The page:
10 Great Reasons to Fall in Love with Istanbul
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Istanbul is a fabulous city for wandering on foot, with most of its best-known sites within easy walking distance of one another. A stroll across the Galata Bridge reveals a flurry of activity—dozens upon dozens of fish restaurants on the lower deck, and a throng of pedestrians, cars, trams, fishermen (yes, they’re all men) and tourists on the upper. Istanbul is also a great place to take to the water, whether for 20 minutes or for the day, its bustling waterways navigated by dozens of boats and ferries each hour.
In terms of getting to Turkey, fly Turkish Airlines (a Star Alliance member with United) if you can. Not only do they feed you, they actually bring a chef on board, and you can taste the results. When in your life have you had really good airline food? (United, from sheer disorganization, canceled our 7pm flight from Newark at 11pm, kept us in the airport until 2am for rebooking, then held our baggage hostage until 6 the next morning. We were thrilled to make the change to Turkish Air, even though it meant racing over to JFK.) Turkish Air has recently initiated new direct flights to Istanbul from a few US airports, making the voyage that much easier for us Americans.
4. Street culture and cafe society—and the painter who speaks 21 languages.
In the New District, narrow, winding streets climb steep hillsides lined with 19th-century buildings and linked by even narrower alleys. Beyoglu, or the Pera, as the area is commonly known, was traditionally home to Westerners and the usual blend of artists and intellectuals. The New District’s hippest neighborhoods—Cihangir, Tophane, Galatasary, and Karakoy—are filled with shops, clubs, restaurants, and cafes, many just a couple of tables and chairs in an alleyway or spare open space.
Turks love to eat, drink and talk outside in the warm weather. Cafe patrons sip Turkish coffee—a thick, rich brew in which the grounds sink to the bottom, with a result that looks like grainy mud—and the ubiquitous, strongly brewed Turkish tea, drunk in small, clear glasses that are very hot to the touch.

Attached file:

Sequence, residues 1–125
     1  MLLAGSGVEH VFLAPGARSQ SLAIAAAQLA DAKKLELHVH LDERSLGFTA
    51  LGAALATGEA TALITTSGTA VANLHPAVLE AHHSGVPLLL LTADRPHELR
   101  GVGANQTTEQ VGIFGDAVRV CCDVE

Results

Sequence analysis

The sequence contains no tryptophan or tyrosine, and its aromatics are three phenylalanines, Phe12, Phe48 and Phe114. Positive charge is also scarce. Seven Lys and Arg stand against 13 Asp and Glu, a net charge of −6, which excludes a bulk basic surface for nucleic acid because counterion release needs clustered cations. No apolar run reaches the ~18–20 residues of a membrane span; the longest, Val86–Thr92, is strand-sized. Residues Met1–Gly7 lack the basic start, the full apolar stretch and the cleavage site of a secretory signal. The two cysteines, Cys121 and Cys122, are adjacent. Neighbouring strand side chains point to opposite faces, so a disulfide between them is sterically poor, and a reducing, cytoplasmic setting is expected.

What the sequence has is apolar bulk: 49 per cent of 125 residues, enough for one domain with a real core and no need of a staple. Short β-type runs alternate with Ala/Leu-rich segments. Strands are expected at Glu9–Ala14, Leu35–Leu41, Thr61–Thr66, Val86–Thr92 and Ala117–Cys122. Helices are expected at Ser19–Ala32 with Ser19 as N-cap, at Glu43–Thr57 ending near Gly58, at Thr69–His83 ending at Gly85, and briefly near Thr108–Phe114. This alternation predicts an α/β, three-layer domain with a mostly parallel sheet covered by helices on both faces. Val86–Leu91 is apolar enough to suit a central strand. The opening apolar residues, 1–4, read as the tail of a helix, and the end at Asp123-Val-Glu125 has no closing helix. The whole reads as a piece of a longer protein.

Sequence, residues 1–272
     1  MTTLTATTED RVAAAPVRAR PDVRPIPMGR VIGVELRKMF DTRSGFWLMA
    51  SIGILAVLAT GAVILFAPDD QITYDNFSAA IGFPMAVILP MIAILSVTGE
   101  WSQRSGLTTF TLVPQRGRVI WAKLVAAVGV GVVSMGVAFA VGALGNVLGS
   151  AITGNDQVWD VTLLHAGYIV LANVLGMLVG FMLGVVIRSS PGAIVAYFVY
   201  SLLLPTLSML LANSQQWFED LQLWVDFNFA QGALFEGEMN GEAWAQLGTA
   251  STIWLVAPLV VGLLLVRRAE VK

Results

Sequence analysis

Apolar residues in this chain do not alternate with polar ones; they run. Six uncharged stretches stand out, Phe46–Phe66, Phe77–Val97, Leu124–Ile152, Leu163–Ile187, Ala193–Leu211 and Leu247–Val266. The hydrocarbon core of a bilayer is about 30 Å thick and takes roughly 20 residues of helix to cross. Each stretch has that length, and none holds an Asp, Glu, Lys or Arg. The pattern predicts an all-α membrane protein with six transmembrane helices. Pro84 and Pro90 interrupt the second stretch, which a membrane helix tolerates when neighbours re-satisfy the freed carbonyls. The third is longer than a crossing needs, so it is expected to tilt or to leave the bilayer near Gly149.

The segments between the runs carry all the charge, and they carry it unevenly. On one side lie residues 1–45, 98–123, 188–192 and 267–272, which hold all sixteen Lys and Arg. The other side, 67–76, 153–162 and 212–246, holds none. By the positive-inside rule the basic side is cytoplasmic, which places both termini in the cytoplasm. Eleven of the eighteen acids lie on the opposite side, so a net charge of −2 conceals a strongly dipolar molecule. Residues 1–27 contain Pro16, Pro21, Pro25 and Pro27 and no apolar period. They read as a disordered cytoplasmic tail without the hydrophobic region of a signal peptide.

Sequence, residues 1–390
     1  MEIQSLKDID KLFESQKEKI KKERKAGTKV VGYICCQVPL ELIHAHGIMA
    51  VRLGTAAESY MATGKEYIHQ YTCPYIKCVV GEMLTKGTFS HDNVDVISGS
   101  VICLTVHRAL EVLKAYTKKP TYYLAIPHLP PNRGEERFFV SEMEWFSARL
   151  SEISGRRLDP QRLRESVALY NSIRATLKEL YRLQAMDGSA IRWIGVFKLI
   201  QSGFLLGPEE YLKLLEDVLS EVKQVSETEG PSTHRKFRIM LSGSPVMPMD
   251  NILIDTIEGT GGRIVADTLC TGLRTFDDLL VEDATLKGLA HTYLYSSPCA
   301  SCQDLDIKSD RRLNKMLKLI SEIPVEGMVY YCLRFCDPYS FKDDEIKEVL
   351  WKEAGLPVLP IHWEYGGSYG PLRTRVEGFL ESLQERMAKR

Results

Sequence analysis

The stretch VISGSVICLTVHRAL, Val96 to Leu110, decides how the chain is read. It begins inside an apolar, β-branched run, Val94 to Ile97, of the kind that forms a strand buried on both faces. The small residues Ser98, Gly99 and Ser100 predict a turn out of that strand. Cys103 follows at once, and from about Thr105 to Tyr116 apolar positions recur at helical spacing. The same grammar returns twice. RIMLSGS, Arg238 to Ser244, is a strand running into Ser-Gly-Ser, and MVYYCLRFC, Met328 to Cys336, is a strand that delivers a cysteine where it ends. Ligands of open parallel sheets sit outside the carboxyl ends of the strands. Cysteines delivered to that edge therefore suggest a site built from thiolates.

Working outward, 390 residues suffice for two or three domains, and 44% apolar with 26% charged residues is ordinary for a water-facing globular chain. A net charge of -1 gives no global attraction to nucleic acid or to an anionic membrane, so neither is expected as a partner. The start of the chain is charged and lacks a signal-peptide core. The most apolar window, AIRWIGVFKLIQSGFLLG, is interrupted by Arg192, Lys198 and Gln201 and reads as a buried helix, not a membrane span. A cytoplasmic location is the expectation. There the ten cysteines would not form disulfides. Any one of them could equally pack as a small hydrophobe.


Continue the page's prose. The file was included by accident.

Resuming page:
Istanbul street culture is about the character of the neighborhoods, the authenticity of the vibes and the incredible mix of the new and old, the crumbling and the elegant. Much of the New City is a maze of nooks and crannies, with “collectable” stores adjacent to chic boutiques and run-down upholstery shops beside elegant townhouses. Wandering the labyrinths and climbing the hills becomes a magical mystery tour of rounding the next corner to discover yet another fascinating spot.
Food, culture, conversation, and attitude are readily available. A tiny restaurant/music club posts a sign that reads, "Don't Think Twice. Come in. Trust the Chef." (We were glad we did.) A nearby vintage store offers "Objects of desire for the slightly deranged collectioner seeking identifiable memories."
The Old City is no slouch in terms of outdoor culture, either, although its focus is more exclusively and intently on the tourist trade. Hundreds of handsome, clever English-speaking men—again, always men—work incessantly to bring you under their spell, or at least into their restaurant or shop. The give-and-take can be fun, even when you refuse their pleas. It’s all part of what seems to be a never-ending conversation. (Turkish men are talkers.)
And speaking of talking, in the Old City we found the painter who speaks 21 languages, by his own account. Ilhamy Atalay, [vi] an artist and unique character, owns a marvelous gallery/museum/personal theater in a battered ancient setting along a cobblestone street near Hagia Sofia. Atalay's wife, sons and daughter all have a hand in the prolific spread of colorful, unique, sometimes tongue-in-cheek art on display. Atalay says he needs to communicate with all his visitors, and clearly he loves to. As we looked on he effortlessly shifted from Turkish to English to Spanish to Finnish ... so those 21 languages may not be an exaggeration.